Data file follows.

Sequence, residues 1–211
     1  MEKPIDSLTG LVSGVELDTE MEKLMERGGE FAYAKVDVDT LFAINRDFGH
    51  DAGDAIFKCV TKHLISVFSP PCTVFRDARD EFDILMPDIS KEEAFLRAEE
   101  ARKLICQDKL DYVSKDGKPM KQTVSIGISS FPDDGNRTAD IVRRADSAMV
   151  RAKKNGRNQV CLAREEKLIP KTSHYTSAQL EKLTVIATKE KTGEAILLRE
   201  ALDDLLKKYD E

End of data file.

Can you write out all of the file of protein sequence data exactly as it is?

Sequence, residues 1–211
     1  MEKPIDSLTG LVSGVELDTE MEKLMERGGE FAYAKVDVDT LFAINRDFGH
    51  DAGDAIFKCV TKHLISVFSP PCTVFRDARD EFDILMPDIS KEEAFLRAEE
   101  ARKLICQDKL DYVSKDGKPM KQTVSIGISS FPDDGNRTAD IVRRADSAMV
   151  RAKKNGRNQV CLAREEKLIP KTSHYTSAQL EKLTVIATKE KTGEAILLRE
   201  ALDDLLKKYD E